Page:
Tuesday, June 17, 2008

I'm so tenurific.

In mid-August I'm supposed to submit a draft of my dossier to my departmental promotion & tenure committee (they'll not only evaluate but also give some feedback to improve it before finalizing).

My CV is in fine shape, since I'm a little obsessive about keeping it up to date, and even using it as a decision support tool when trying to decide whether to do this or that (which use of my time will have a more significant impact in a weak area on my CV?). But the materials I submit also need to contain a hefty document wherein I reflect on my excellence and tenure-worthiness and explain all about what a rising star I am and how I am poised to have such great importance to the profession & community, etc., etc.

I realize this needs to get done. And I would like to get tenure, so I want to do a good job.

But I'm having a hard time getting up the activation energy to start writing such a document. It's because things I do NOT enjoy include the following:
  • Trying to convince people I am awesome.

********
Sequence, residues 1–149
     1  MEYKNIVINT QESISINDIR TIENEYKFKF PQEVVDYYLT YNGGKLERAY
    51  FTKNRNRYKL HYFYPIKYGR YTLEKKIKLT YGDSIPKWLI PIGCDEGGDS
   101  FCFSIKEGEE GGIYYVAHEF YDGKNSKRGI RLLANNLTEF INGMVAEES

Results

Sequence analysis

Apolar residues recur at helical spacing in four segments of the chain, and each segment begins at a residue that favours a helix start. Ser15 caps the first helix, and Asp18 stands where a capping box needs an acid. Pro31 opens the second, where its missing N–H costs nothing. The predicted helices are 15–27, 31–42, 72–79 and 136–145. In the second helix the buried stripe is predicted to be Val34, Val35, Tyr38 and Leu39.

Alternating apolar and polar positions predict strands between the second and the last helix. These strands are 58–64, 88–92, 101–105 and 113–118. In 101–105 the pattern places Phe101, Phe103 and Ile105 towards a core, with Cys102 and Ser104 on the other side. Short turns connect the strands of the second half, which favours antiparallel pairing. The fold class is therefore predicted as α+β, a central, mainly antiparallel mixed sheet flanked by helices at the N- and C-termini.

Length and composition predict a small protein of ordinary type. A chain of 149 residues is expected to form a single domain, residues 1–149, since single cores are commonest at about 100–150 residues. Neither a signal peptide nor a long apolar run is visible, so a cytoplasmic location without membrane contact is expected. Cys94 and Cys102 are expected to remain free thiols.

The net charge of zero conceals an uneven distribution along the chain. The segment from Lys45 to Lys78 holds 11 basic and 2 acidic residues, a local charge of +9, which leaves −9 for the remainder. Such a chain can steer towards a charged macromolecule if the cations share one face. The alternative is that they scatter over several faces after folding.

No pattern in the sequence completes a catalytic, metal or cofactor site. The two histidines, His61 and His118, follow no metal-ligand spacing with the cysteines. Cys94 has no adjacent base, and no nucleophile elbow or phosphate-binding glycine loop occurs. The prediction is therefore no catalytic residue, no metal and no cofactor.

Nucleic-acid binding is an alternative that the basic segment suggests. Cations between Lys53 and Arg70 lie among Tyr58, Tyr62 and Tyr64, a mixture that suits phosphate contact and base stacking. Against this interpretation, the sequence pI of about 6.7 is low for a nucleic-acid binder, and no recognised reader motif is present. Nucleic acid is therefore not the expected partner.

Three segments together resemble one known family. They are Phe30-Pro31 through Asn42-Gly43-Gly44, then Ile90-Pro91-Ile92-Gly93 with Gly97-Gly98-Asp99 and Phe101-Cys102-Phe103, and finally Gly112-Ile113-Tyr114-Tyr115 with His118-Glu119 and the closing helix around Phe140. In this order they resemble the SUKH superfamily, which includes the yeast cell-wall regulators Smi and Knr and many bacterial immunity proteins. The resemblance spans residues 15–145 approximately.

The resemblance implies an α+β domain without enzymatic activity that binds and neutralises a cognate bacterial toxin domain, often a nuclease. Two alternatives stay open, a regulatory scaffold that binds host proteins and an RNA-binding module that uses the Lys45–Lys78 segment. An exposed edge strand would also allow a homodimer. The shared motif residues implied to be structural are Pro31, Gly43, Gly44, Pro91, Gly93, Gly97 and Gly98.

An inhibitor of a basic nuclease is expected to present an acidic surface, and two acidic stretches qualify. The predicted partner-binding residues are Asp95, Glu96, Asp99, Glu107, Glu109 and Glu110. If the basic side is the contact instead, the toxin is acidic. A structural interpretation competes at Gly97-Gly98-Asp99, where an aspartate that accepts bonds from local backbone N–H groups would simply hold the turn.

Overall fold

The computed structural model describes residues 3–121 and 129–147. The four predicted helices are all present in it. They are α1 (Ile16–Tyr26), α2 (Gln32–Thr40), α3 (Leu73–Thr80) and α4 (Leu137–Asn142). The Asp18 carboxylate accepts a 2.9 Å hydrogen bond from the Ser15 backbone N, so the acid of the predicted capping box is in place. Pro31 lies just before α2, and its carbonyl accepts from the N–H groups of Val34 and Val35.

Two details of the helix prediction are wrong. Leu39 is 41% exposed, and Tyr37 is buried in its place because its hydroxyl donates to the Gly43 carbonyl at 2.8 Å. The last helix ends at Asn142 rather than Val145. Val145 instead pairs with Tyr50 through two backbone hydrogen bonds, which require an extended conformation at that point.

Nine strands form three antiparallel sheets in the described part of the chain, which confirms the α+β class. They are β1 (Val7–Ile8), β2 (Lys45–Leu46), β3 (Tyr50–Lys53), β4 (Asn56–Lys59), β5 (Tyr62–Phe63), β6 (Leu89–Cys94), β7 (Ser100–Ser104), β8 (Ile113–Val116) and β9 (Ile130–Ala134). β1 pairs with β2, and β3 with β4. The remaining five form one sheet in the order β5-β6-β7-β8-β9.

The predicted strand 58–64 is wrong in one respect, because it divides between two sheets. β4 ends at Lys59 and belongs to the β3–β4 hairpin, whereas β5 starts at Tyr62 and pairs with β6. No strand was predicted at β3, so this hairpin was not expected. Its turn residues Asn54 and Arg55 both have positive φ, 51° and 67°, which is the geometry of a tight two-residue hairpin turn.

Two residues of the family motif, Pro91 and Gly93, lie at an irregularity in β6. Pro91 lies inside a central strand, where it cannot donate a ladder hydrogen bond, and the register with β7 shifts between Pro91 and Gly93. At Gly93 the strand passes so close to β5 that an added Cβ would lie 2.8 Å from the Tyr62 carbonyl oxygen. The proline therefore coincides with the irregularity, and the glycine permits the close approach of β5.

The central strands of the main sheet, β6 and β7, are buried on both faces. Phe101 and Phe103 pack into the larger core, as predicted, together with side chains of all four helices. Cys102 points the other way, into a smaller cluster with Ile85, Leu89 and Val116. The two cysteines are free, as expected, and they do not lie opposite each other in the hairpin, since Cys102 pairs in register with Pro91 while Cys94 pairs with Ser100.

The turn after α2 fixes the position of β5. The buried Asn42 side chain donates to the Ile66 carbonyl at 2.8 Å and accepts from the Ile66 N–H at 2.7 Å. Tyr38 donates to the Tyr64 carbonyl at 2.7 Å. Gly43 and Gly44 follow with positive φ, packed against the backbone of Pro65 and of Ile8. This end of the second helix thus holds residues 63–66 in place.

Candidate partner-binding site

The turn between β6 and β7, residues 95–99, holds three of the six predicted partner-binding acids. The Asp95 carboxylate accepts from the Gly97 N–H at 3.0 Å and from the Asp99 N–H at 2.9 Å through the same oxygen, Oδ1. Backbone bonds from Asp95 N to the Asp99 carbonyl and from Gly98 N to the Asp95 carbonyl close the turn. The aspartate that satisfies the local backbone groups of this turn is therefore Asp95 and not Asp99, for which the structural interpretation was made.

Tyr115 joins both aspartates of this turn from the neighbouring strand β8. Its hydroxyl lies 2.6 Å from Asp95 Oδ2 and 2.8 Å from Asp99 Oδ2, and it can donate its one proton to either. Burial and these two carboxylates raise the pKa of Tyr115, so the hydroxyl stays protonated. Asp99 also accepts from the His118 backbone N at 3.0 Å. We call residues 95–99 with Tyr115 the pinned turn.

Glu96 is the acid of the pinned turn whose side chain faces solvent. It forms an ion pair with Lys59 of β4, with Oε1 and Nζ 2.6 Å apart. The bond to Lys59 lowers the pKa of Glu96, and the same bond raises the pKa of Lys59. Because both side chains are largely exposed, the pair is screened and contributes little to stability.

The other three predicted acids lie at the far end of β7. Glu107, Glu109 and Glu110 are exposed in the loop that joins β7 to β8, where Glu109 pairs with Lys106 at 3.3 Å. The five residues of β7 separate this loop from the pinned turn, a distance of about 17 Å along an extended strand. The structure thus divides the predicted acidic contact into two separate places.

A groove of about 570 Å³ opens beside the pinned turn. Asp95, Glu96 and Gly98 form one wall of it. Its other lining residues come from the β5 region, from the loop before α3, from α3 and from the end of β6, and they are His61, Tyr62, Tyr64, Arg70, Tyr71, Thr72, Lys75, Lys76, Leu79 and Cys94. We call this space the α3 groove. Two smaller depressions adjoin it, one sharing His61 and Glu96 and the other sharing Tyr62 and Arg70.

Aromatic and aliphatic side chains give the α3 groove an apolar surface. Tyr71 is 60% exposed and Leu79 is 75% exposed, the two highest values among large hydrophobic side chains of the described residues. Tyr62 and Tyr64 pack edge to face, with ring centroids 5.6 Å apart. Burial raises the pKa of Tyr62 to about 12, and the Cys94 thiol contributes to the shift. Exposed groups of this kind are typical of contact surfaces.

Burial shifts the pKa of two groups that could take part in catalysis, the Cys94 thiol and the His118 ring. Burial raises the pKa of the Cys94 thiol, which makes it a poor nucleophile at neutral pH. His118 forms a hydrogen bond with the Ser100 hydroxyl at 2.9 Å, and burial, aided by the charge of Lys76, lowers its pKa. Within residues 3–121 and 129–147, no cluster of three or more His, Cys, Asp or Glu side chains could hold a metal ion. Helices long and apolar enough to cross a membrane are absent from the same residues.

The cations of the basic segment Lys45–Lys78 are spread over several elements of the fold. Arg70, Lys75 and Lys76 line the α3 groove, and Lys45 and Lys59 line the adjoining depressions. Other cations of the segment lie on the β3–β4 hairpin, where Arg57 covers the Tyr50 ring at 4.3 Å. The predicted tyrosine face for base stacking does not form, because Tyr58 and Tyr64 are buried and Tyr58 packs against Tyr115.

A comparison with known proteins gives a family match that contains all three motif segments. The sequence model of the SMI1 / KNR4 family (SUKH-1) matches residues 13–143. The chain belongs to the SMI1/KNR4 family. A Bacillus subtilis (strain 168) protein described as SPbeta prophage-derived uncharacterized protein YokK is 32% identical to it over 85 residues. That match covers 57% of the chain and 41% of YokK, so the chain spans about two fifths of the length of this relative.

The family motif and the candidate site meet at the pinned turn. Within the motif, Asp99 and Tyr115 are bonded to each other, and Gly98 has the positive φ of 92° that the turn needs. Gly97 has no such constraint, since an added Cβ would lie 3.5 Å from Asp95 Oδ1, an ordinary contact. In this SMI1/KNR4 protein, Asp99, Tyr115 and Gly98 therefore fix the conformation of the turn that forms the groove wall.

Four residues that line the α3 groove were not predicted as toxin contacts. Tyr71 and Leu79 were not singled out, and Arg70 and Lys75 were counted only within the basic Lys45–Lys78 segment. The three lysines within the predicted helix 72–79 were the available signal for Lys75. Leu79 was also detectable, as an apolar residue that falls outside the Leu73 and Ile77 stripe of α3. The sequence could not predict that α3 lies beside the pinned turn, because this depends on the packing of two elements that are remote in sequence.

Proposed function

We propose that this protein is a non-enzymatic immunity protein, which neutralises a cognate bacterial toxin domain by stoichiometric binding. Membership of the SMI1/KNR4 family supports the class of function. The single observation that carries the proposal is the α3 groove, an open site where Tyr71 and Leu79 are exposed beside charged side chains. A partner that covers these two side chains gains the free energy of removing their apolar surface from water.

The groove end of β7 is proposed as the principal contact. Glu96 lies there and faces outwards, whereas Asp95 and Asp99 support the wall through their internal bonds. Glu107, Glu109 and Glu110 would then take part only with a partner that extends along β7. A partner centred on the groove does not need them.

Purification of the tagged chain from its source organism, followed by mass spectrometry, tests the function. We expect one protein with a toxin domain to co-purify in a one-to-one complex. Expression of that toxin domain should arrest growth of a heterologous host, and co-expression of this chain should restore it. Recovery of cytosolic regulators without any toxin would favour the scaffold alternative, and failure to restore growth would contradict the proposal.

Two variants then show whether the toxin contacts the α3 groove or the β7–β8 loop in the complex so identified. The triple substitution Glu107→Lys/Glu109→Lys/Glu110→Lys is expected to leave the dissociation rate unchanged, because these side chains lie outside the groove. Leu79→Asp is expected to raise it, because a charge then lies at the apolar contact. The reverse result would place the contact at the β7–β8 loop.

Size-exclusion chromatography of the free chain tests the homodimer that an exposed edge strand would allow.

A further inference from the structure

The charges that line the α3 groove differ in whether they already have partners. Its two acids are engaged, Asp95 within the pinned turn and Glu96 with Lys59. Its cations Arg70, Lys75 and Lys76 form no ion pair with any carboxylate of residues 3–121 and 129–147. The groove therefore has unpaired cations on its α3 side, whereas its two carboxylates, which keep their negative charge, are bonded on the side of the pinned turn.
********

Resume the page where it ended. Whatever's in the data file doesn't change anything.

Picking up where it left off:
• Doing fluffy stuff.
  • Camoflauging weaknesses (I prefer to just call them what they are).


Ms.PhD said...

I know the feeling. In theory I can and/or should start working on job applications, even though it's a bit early for a variety of reasons.

Much as I want a job, I don't want to do the fluffy stuff.

Anonymous said...

Tenure dossiers can be so full of detail that they are mind-numbing to read through. What makes or breaks a tenure decision is the letters written by external reviewers. So think about your reviewers and make it easy on them. What they need to do is summarize your contributions to research, teaching and service - with both some numbers and qualitative descriptions. So even while you put endless lists of publications, abstracts, etc in your dossier, also provide a summary statement in which you give the numbers. So they don't have to add up the numbers themselves. And write a short statement describing the impact your work has had - because the reviewer will likely take the verbiage that you write, tweak it a little, and then incorporate that into the letter he/she writes.

Best wishes!